So there was a certain amount of conflict built into the postwar American Jewish consensus of supporting liberal democracy at home and ethnic democracy abroad from the start. But for a generation of American Jews with the Holocaust in living memory, this combination probably seemed like the only way to ensure the continued survival of a people that had faced the strong possibility of its total extermination. As a minority group in the United States, Jews wanted to promote a non-sectarian liberalism that would ensure that minorities were politically equal to the majority, while also ensuring that they had a state of their own where they would be the majority to which they could escape to if the situation here in the US ever got too bad.

Well, now things have gotten pretty bad for Jews in the United States. I don’t just the mean coronavirus pandemic ravaging the world. The past year has seen a huge spike in anti-Semitism. And yet far from a safe haven, Israel is part of the problem.


American Jews feel like our safety is more threatened than ever before. More than four out of five American Jews think anti-Semitism has gotten worse in recent years, culminating in the deadliest anti-Semitic attack in US history.

But far from being a place for American Jews to imagine escaping to, the government of Israel seems to be reinforcing the very same far-right trends that American Jews see as the gravest threat to our wellbeing. While more than half of American Jews believe President Trump and the Republican Party bear responsibility for rising anti-Semitism in the US, the government of Israel responded to the worst pogrom in US history by sending Naftali Bennett to the United States to absolve Trump of any responsibility. It was an interesting choice, given that the Pittsburgh synagogue shooter explicitly wrote that his act was motivated by anti-Semitic conspiracy theories about George Soros funding migration to the United States — the very same ones which President Trump himself has spouted.

And not just Trump. Members of the Netanyahu family have engaged in the same anti-Soros fear mongering that directly inspired the Pittsburgh synagogue shooting. At an event hosted by Hungarian Holocaust deniers, Israeli Prime Minister Benjamin Netanyahu’s son, Yair Netanyahu, attacked the Hungarian-born Soros for supposedly “destroying Israel from the inside.” Previously, Yair shared images of Soros as a reptilian creature dominating the world, an image so classically anti-Semitic that leading neo-Nazi David Duke endorsed it.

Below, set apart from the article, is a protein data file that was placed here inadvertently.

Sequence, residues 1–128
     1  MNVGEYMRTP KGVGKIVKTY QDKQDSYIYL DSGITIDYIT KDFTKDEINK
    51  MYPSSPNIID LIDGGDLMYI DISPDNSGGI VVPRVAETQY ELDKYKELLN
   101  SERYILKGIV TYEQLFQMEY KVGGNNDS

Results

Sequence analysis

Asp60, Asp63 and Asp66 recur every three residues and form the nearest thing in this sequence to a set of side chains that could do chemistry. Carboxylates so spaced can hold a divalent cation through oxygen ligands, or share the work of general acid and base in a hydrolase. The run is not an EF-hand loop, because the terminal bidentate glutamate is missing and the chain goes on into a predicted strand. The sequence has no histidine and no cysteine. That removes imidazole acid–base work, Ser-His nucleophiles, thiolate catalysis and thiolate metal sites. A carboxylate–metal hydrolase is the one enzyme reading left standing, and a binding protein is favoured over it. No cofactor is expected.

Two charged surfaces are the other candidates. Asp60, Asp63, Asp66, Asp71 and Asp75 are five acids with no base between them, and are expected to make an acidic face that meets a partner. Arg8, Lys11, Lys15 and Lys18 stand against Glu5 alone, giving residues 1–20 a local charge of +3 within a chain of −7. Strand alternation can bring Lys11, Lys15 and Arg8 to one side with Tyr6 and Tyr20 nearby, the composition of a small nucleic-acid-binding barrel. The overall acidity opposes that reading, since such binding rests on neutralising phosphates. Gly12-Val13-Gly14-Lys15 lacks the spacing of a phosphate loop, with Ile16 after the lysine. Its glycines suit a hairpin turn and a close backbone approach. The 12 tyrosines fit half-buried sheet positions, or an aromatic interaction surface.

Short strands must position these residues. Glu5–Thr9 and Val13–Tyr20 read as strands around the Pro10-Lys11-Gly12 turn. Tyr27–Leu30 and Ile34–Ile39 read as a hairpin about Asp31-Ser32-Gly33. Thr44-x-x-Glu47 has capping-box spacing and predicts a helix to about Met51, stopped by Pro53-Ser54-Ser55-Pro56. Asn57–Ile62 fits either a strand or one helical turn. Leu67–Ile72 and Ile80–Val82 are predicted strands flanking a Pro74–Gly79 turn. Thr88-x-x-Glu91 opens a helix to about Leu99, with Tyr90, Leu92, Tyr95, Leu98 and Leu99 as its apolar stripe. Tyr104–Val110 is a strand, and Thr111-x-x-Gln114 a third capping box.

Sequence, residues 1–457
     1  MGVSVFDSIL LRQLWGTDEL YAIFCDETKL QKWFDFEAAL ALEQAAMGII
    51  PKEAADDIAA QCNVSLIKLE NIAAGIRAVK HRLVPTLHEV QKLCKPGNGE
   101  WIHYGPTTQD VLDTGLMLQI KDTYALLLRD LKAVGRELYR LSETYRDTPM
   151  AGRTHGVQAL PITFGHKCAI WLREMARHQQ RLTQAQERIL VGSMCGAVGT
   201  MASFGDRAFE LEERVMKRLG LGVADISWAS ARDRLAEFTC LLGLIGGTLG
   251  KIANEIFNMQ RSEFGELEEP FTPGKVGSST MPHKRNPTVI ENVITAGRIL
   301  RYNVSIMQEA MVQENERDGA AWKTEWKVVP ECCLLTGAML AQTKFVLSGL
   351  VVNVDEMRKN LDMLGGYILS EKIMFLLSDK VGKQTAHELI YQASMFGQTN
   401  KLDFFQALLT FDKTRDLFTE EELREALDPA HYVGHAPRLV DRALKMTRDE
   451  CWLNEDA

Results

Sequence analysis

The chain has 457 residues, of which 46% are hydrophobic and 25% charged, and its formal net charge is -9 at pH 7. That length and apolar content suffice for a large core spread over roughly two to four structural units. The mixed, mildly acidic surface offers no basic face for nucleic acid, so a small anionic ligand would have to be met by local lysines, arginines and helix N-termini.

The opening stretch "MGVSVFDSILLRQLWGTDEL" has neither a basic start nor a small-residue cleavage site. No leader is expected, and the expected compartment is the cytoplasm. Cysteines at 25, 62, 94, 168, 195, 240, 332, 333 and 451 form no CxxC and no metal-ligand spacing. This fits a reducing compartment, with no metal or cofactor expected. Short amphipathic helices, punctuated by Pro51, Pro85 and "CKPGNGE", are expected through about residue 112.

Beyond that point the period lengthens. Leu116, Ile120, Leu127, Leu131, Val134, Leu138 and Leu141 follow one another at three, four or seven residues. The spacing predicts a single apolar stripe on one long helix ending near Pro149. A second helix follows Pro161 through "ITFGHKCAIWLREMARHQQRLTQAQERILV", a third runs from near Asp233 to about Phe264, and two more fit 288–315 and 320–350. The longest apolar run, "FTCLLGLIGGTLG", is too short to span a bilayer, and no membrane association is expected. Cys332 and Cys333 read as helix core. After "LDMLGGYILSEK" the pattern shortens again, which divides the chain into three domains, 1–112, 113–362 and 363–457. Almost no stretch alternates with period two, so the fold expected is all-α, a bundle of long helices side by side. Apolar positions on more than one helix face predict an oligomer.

But it goes beyond George Soros. In an age of rising global ethno-nationalism, Netanyahu has gone all in cultivating relationships with the European far-right, even praising the same European leaders who adamantly deny their nations’ complicity in the Holocaust — akin to “praising the Ku Klux Klan for improving racial relations in the South,” according to the Simon Wiesenthal Center.

It’s exposed the deep conflict inherent in the ideology that has reigned over American Jewry for a generation.

For a generation, after the end of the Second World War and the founding of the state of Israel, Israel was governed by Labor Party leaders who at least gave lip service to liberal democratic values. This made it possible for American Jewish organizations to hold together that unstable consensus of support for Israel with a liberal domestic agenda. But in an age when Israel has passed a law explicitly stating that “the right to exercise national self-determination in the State of Israel is unique to the Jewish people,” this consensus can no longer hold. In an age when far-right leaders in Europe and the United States are stoking anti-Semitism against the diaspora while cultivating close relationships with the leadership of Israel, this consensus can no longer hold.

Still, the American Jewish establishment has been slow to realize this, choosing instead a desperate struggle to hold together the decaying American Jewish political consensus of domestic liberalism and support for Israel.

And yet, with the huge financial pressures the coronavirus pandemic is about to inflict on our organizations, people are going to start asking who is necessary, and who is not. A morally coherent message is not immaterial to that question. The opposite, in fact.

Going forward, American Jews are going to have to choose: We can either support a political liberalism of equal rights for all, here in the US, in Israel, and all over the world — or we can support ethnic nationalism. But we can’t have it both ways.

And that, I predict, will be the future for the American Jewish establishment, after the immediate coronavirus crisis ends. Many of the groups that are struggling may never fully recover, because they haven’t made political sense in a long time. This crisis is only accelerating trends that have been clear for years now.

There will be new American Jewish groups that emerge to take their place, of course. Our community isn’t going anywhere. But these groups are likely to be more explicitly partisan, more explicitly polarized between right and left, more explicitly defined around one side or the other of the axis of American Jewry’s two public commitments — Israel, and a liberal America.”

The postwar American Jewish political consensus is dead.

Joel Swanson is a contributing columnist for the Forward and a Ph.D. student at the University of Chicago, studying modern Jewish intellectual history and the philosophy of religions. Find him on Twitter @jh_swanson.